This is the second in the series of Eric Fuller's Havana "cigar box" puzzles and is named "Heather". I had earlier reviewed Box #1, the "Chris" a while back. For the background how Eric came to be making these puzzle boxes, you can read it here.
There were two versions of the box offered for sale on Eric's website, one in bleached lacewood and the other quilted primavera. The one that I ordered was the latter. Unfortunately none of the boxes in this limited edition series are available from Eric, as they were sold out within days of launch. The #2 is smaller in dimensions to the #1 and measures about 17cm long, 3.3cm wide and 3.6cm tall. Nonetheless, it still fits a corona size cigar quite nicely. The top lid consist of a thin layer of the quilted primavea venner over sapele wood. This forms a nice contrasting two-tone effect between the lid and the rest of the box which is constructed entirely out of sapele wood. Overall quality of construction, fit and finish is excellent. The moving parts of the box are manufactured to very tight tolerances with nice and precise edges and corners. As I have always said, quality comes at a certain price and the #2 is no exception.
The object of #2, like its predecessor is to remove the cigar inside the box. So far I think all puzzle bloggers including Allard, Brian, Neil and myself are in agreement that the first 3 steps to opening the box are quite easily discoverable...and I would even venture to add, obvious. But hereafter was where some of us were stumped for a while; but for me, really stumped for a long time. After you have managed the first three steps, the top lid slides open partially and you get to see about a quarter of the cigar...but not enough for you to remove the cigar out of the box (unless of course you use really excessive force which is not the intention). There is a locking mechanism which stops the lid from sliding open further. Inside the #2, Eric had also added two normal looking match sticks. When I first saw the two red headed match sticks, I thought they were a nice touch to accompany the cigar...after all, not many people these days use matches to light cigars (or cigarettes) especially with the availability of the modern cigar lighter that is almost like a miniature blowtorch. Suffice to say, a lot of the time, what I think initially doesn't do much to help me solve my puzzles.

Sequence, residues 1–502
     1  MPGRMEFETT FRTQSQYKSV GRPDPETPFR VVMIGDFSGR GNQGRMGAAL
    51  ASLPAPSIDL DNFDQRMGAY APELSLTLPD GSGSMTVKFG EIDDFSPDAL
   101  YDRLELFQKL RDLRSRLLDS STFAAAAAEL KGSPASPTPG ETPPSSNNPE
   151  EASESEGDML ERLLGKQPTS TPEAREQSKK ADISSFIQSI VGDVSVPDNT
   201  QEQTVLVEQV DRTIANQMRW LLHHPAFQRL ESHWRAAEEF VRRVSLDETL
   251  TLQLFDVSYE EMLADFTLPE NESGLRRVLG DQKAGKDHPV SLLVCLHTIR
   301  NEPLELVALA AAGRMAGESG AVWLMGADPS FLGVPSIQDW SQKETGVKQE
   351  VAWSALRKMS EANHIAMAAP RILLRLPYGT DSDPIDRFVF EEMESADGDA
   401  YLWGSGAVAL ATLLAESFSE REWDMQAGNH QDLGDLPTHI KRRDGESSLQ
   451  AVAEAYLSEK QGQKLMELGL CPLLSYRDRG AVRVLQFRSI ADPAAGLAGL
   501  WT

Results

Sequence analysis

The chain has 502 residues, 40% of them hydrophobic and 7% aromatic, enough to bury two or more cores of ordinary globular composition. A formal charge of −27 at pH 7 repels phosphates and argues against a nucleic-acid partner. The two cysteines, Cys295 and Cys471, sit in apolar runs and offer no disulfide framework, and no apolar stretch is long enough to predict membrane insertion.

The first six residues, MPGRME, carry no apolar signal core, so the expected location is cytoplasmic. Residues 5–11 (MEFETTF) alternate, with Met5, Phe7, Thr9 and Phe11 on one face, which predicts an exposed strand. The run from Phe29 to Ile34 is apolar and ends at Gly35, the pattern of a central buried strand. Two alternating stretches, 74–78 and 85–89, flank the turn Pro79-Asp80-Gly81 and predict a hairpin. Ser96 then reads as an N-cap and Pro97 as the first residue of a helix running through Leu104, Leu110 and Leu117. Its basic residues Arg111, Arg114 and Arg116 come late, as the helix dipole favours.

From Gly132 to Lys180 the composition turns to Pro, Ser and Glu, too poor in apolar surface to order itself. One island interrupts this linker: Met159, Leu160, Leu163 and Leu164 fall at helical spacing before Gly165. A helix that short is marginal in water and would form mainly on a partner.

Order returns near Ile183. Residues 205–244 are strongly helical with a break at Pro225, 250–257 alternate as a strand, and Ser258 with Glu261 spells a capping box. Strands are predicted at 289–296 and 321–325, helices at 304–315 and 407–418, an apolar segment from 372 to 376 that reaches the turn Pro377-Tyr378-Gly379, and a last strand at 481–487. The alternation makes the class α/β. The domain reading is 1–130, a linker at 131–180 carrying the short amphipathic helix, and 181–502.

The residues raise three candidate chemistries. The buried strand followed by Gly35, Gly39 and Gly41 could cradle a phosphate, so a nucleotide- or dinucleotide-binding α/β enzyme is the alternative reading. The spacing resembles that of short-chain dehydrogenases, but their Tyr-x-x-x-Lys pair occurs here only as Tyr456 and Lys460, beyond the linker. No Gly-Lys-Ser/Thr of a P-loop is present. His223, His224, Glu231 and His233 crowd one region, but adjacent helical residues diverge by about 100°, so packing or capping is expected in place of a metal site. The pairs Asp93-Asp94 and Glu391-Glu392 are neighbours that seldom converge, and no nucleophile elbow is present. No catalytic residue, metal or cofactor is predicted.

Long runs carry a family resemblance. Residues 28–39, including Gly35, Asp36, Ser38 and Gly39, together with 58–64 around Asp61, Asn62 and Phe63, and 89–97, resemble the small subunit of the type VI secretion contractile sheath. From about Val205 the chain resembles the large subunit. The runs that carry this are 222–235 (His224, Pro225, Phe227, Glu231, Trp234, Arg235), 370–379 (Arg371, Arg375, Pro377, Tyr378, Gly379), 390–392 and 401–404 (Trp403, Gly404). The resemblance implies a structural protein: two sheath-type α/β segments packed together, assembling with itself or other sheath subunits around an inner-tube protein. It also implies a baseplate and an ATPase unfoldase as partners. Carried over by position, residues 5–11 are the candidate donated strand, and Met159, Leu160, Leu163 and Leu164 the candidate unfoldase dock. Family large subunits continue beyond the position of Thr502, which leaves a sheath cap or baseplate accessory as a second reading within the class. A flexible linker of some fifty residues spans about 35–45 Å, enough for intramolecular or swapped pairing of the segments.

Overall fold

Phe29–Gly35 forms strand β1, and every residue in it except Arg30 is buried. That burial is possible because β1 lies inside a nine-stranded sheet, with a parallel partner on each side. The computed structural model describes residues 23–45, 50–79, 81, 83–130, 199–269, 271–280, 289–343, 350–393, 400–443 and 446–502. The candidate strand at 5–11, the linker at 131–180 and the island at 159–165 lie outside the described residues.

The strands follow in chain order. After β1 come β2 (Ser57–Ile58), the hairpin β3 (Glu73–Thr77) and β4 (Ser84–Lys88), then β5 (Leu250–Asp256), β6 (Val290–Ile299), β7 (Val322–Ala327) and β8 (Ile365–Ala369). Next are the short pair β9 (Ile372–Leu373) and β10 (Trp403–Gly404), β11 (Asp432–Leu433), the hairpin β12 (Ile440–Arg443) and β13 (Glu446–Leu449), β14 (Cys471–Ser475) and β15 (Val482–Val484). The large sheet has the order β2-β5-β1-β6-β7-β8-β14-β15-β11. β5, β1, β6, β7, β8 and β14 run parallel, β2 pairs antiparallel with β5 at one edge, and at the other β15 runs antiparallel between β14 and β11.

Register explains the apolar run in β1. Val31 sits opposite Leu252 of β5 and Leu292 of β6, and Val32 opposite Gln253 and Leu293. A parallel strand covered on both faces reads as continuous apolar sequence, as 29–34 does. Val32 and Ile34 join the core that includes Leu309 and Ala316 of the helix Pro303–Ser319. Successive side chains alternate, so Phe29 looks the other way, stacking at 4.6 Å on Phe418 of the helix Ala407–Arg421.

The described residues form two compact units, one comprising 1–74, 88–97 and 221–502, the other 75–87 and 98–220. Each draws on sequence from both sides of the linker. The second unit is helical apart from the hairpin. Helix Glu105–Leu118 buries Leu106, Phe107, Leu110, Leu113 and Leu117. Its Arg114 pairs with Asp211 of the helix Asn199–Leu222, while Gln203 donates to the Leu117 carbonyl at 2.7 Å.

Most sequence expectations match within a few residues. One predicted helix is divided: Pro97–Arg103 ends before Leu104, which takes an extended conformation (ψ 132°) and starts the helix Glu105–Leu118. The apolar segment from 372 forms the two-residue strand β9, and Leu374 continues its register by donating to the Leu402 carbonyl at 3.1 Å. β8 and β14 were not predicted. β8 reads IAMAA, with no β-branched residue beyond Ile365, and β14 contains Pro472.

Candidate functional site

After the first three steps, I was at a loss....trying all sorts of things in all sorts of manner yielded no results. This went on for several weeks until I decided I didn't want to torture myself any longer and decided to ask Allard for some clues. Allard emailed me with some clues to help, but they were rather cryptic (he said he didn't want to spoil my fun!); so I had to figure out the clues a bit first to see how to use them! However with Allard's help and having read Brian's and Neil's reviews of the #2, I realised soon after that what I had to do to open the box was actually all there in front of me. As usual I had over-complicated things to the point that I missed some things that were obvious! Eric had done a very clever job of designing the box to actually open in a very simple way, if one was more observant and not overlook things in haste. Compared to #1, I think the internal mechanism of #2 is even simpler (Eric, if you are reading this, please correct me on this point if I am wrong!), yet the #2 is much harder. Of interest to note is that several of the panels of #2 can even be removed completely to view more of the insides.
Eric intends the next few boxes in the series to progress in difficulty. So if #2 is anything to go by, I will probably be struggling with #3 for a long time!